IAV has developed a battery assembly concept that is much easier to recycle than existing battery systems and also has a much better CO2 balance. The concept is not only interesting for future vehicles—it can be integrated into existing e-models as well.
The IAV concept allows end-of-life (EOL) batteries to be dismantled in a more resource-friendly way and their valuable materials to be recycled more efficiently. Considered over the entire life cycle of a battery, this method can cut CO2 emissions by up to 20%.
The IAV concept thus also pays off in terms of a possible modernization of European legislation on batteries. The EU Commission’s proposal for an EU battery regulation provides for a gradual increase in recycling targets for certain raw materials in lithium-ion batteries by 2030 as part of minimum ecological requirements.
Manufacturers mainly make their battery and module housings from aluminum with various alloys. Hundreds of screws end up being used for the entire battery system, plus a lot of gluing and welding, said Michael Clauß, specialist for battery development at IAV. However, common production processes and the materials used make it difficult to dismantle them and thus to recycle them correctly.
That’s why many batteries are shredded. Valuable materials and carrier elements that could be used in new batteries are thus lost.—Michael Clauß
The core element of IAV’s concept is a new type of module and battery housing design. In the future, these would be made of more recyclable materials and, with innovative joining techniques, can be joined and separated more easily. This also reduces the cost of producing and recycling the peripheral elements by up to 50% compared to conventional battery systems.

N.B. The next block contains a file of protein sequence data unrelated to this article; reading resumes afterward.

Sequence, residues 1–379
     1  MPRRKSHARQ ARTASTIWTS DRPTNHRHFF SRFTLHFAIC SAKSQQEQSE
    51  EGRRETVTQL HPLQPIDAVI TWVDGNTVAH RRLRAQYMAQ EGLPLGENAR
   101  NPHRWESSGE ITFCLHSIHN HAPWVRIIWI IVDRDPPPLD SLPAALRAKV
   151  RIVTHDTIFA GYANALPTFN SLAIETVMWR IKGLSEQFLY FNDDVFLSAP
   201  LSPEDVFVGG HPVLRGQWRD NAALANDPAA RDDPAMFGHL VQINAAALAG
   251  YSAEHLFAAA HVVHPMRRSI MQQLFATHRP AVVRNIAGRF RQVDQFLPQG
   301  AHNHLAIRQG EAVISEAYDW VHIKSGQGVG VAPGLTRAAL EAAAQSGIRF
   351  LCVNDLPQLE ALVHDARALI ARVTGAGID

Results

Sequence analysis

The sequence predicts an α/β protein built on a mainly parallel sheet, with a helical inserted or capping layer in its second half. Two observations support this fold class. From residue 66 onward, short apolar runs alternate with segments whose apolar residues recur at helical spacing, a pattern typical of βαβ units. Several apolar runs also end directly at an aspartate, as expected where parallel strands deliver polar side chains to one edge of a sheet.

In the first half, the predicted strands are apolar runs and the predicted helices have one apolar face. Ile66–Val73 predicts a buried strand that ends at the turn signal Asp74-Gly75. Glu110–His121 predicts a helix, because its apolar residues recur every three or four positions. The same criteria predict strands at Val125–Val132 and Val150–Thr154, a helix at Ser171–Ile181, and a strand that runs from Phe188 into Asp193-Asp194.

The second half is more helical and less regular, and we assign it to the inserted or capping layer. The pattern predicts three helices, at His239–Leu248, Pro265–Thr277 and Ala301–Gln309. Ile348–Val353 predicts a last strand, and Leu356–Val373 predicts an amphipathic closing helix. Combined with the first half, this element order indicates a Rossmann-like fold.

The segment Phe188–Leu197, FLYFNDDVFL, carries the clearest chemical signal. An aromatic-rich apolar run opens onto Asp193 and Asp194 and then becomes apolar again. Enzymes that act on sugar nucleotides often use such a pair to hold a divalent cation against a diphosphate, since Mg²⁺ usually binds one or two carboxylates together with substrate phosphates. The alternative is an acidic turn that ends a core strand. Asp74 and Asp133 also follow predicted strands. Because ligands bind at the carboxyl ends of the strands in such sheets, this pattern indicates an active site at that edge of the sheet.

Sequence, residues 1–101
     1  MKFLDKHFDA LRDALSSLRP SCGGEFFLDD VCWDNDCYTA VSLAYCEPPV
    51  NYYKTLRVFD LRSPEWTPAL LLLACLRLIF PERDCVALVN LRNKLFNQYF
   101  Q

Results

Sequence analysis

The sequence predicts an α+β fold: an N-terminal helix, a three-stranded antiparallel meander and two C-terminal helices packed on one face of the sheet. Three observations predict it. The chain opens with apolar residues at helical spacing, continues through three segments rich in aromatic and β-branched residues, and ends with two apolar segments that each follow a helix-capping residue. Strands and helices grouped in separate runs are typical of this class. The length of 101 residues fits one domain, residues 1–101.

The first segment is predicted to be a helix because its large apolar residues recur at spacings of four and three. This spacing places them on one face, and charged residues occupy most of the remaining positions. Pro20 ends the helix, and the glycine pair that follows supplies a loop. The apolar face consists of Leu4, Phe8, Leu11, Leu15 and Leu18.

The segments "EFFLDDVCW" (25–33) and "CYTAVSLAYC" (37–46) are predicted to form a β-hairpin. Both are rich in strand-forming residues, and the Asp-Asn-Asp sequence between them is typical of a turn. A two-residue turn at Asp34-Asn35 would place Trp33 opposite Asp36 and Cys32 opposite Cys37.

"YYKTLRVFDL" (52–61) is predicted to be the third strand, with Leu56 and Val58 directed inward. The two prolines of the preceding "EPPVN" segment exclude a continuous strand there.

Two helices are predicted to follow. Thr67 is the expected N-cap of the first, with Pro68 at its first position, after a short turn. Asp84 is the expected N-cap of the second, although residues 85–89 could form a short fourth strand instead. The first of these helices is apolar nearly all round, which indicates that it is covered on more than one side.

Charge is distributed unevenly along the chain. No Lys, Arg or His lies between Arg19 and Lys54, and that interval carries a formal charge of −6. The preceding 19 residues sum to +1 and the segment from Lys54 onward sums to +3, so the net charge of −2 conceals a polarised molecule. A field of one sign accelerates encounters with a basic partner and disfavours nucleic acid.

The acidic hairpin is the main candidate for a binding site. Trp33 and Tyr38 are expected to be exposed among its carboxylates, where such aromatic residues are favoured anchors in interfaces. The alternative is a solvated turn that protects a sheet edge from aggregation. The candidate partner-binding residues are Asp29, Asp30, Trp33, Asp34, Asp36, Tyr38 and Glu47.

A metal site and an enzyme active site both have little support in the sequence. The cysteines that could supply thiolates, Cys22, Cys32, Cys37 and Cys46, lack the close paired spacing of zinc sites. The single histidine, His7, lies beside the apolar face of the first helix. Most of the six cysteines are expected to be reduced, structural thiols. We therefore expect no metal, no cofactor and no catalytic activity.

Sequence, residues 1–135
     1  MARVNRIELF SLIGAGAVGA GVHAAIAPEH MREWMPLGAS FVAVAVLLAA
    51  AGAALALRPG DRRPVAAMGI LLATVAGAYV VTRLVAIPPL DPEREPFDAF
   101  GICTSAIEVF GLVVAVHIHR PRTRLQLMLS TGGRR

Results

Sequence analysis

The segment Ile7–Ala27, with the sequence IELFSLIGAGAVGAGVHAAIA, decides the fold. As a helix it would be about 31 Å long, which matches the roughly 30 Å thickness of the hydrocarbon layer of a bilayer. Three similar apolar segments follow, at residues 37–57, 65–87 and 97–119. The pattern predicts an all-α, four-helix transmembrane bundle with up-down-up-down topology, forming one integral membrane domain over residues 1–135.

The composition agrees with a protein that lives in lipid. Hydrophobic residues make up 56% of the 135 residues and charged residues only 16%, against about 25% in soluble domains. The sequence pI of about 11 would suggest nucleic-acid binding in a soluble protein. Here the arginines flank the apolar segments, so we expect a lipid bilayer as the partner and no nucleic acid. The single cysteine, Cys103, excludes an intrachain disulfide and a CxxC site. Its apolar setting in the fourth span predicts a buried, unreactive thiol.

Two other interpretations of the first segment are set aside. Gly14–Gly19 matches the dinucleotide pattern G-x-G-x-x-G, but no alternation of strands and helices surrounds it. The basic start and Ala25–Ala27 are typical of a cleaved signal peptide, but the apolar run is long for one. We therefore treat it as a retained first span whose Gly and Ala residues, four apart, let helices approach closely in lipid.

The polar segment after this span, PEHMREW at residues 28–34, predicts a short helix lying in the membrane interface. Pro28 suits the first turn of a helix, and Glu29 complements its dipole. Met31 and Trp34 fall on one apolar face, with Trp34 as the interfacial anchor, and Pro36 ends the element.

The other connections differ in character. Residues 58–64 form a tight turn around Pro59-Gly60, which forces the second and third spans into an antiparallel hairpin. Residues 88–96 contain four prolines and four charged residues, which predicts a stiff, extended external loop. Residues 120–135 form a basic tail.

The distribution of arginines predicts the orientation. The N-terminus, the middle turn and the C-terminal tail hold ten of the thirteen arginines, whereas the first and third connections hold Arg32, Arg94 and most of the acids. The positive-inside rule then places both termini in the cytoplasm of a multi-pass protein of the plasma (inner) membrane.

The IAV battery concept replaces aluminum with steel. The material can be separated in the recycling process more easily and with less energy than aluminum. With consistent lightweight design, the use of steel increases the weight of the battery by only around one to one-and-a-half percent and is therefore negligible in terms of driving performance and range.
Instead of multiple screw solutions, bonding and welding seams, IAV engineers have introduced new joining techniques. Wherever possible, click and plug-in connections are used. This means that the number of bolted connections can be reduced by two-thirds, and bonding and welding can also be significantly cut back.
Thanks to the new design, recyclers can disassemble the battery system more easily and quickly. The design is such that robots can take over large parts of the work.—Michael Clauß
With the concept developed by IAV, battery systems for new e-models can be designed to be cheaper and more environmentally friendly. At the same time, suppliers and manufacturers can subsequently optimize systems already developed using the IAV method.
The advantage for the customer is that the battery ends up with the same dimensions and connections as before, so it can be integrated into existing vehicle structures without any problems.—Michael Clauß